Journalists

Baseball HOF voters share how they go about completing their ballots; ’20 class released next Tuesday

NY Post's Mike Vaccaro, PB Post's Tom D'Angelo, NJ.Com's Sam Politi, KC Star's Sam Mellinger, and NY Daily News' Filip Bondy share thoughts

Five Baseball Hall of Fame Voters weigh in on their voting process

On Jan. 21 calls will be made to the select men who the Baseball Writers Association of America deem worthy of being enshrined at Cooperstown. Over 400 veteran baseball writers are tasked with deciding who forever belongs within the walls of the National Baseball Hall of Fame. Each voter has his or her own method of putting together a ballot.

As is the case every year, there are virtual locks (Derek Jeter), polarizing picks (Barry Bonds) and players in their tenth year of eligibility, hoping to finally make the cut (Larry Walker). And, like any year, as ballots become public, voters’ decisions stir controversy within the baseball community.

Baseball suffered terribly this week when the details of an an orchestrated sign-stealing scandal were made public by the commissioner’s office. It cost two of the most respected managers their jobs, Alex Cora of the Red Sox and A. J. Hinch of the Astros. 

As such, the HOF announcement next Tuesday couldn’t come at a better time. It will serve as a short diversion of sorts by stimulating healthy debate among fans about who got in, who shouldn’t have and who didn’t. As such, the announcement of the selectees couldn’t come at a better time.

Five voters, with a combined 15 decades in sports journalism , weighed in on their approach to voting and the process in general:

What does it mean to you to have a vote for the Baseball Hall of Fame?

Mike Vaccaro, New York Post

“It’s one of the real privileges of what I do. Being entrusted with a vote is something I never, ever take lightly because I have such respect for the game and the men who made it what it is.”

Sam Mellinger, The Kansas City Star

“I think of it as both a privilege and responsibility. There is part of me conflicted about the process, and I understand those who don’t vote, who see a journalist’s role as reporting news and not making it.”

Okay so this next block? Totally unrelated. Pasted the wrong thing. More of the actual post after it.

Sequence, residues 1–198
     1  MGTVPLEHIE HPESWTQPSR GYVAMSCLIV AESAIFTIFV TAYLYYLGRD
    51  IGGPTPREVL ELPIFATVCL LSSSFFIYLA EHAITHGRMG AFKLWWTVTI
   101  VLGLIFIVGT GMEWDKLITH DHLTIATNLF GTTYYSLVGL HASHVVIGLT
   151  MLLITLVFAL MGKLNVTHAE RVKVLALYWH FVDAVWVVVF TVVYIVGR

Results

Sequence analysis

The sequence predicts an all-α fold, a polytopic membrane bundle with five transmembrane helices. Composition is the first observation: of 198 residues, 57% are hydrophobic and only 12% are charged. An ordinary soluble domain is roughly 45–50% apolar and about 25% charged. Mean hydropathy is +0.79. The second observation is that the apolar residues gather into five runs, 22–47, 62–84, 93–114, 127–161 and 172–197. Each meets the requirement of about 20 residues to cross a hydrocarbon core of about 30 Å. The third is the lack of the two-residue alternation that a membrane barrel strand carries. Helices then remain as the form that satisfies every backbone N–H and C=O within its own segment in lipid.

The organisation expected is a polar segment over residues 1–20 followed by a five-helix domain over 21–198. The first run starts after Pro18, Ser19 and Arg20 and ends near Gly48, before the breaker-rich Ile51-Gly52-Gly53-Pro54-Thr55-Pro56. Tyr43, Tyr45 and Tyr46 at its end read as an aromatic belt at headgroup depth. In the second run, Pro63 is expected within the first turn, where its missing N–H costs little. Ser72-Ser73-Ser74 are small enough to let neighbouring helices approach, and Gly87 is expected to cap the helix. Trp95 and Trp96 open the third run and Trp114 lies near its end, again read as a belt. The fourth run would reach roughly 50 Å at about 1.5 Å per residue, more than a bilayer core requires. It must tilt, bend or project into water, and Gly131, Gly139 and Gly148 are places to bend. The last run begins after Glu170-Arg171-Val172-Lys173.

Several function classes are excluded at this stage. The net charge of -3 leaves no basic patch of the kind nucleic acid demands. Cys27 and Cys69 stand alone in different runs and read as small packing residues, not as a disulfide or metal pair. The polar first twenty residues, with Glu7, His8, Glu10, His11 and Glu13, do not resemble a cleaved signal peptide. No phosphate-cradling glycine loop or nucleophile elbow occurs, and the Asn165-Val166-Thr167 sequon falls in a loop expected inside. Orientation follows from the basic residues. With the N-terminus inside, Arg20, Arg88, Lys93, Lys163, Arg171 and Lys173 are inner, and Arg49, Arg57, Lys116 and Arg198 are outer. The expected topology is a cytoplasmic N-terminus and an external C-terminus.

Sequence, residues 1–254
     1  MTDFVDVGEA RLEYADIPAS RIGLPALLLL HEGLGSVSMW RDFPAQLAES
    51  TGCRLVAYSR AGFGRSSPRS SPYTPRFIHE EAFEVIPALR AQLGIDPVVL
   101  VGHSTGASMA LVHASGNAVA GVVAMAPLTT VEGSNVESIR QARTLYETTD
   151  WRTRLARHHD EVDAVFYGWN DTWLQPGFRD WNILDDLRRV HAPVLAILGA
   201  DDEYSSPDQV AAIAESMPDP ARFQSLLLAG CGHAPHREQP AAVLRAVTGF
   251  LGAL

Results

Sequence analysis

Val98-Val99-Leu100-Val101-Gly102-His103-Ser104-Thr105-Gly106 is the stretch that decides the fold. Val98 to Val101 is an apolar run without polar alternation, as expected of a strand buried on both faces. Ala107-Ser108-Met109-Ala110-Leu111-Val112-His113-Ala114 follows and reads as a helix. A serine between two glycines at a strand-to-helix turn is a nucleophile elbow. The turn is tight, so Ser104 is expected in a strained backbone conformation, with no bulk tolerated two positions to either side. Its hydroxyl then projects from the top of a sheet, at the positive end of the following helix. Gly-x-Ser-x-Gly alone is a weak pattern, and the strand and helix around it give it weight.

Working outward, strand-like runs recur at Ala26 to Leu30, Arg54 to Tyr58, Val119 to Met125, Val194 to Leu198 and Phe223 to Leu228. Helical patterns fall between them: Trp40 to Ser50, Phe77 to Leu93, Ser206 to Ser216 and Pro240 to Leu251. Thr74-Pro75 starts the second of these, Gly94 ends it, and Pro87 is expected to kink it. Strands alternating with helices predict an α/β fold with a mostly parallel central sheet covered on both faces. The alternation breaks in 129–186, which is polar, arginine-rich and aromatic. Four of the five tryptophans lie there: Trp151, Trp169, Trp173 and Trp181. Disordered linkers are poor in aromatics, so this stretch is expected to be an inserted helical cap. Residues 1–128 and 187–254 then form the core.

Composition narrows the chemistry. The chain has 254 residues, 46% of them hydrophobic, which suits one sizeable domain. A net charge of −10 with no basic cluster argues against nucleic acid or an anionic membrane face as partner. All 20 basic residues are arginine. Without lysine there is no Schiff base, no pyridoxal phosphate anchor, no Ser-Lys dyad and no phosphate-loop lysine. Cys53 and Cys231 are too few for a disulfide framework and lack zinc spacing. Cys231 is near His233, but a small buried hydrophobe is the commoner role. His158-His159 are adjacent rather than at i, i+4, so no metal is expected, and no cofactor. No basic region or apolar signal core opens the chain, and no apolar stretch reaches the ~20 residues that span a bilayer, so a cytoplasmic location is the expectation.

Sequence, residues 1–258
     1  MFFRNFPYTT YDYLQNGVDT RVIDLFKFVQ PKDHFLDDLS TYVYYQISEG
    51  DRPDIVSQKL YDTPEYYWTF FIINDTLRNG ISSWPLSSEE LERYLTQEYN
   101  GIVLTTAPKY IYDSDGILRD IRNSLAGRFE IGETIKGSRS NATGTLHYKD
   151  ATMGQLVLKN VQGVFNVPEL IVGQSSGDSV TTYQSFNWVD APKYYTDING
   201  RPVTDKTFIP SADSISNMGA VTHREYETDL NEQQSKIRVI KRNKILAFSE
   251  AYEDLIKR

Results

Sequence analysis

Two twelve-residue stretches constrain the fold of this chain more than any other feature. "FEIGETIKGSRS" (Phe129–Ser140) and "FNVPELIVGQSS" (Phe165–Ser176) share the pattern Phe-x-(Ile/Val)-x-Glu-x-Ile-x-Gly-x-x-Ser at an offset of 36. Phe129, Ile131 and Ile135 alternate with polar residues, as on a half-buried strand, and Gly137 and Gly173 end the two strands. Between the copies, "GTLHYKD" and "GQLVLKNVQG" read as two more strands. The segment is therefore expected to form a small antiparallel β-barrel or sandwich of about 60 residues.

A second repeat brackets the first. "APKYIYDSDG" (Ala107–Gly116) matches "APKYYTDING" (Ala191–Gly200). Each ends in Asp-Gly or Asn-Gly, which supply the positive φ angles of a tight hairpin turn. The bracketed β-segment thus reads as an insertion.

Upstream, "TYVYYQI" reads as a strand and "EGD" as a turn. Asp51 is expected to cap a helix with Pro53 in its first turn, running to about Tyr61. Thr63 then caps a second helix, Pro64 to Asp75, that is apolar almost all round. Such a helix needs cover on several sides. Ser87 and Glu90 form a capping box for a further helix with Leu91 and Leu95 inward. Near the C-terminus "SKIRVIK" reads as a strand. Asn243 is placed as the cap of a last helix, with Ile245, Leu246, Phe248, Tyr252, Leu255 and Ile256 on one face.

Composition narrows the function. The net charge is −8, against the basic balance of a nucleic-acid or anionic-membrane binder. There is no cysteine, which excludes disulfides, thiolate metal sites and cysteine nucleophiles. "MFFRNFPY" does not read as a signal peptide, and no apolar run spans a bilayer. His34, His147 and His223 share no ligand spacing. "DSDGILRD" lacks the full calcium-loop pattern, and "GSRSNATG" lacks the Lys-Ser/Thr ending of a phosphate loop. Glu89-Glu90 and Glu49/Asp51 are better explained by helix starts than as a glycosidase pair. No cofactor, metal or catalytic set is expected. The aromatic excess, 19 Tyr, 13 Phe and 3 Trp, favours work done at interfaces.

Tom D’Angelo, The Palm Beach Post

“It is an honor. I understand it is an exclusive list of writers and I take it very seriously.”

Steve Politi, NJ.com

“It means I’ve been doing this for a while, for starters. I actually never thought I would vote but, once I got the ballot, I have to admit feeling a bit empowered.”

Filip Bondy, New York Daily News

“I take the responsibility seriously, but I also realize there is no right or wrong approach.”

What is your approach to choosing your ballot?

Mike Vaccaro, New York Post

“When the ballot arrive[s], I circle in pencil the no-braine[r] names (ie Jeter). Then I target another 10-12 and ask myself hard questions about their careers.”

Sam Mellinger, The Kansas City Star

“It starts with numbers, and from there goes to conversations, both with other writers and scouts/players/coaches/execs I’ve gotten to know over the years.”

Tom D’Angelo, The Palm Beach Post

“[If] I believe a player is worthy of the Hall of Fame in Year one, I vote for him. I believe making a player wait a year of two is an outdated notion. I vote for the players whom I voted for the previous year and any newcomers I believe are worthy.”

Steve Politi, NJ.com

“I usually go with a “big” ballot – this is the first year I didn’t check the maximum 10 boxes – because I understand how hard it is to reach the 75-percent threshold and want players I believe are worthy to stay in the discussion.”

Filip Bondy, New York Daily News

“I just try to stay consistent. In my case, that means voting for the steroid guys. I am not the moral guardian of the Hall. And it is impossible for me to know, in many cases, whether somebody did steroids or not.”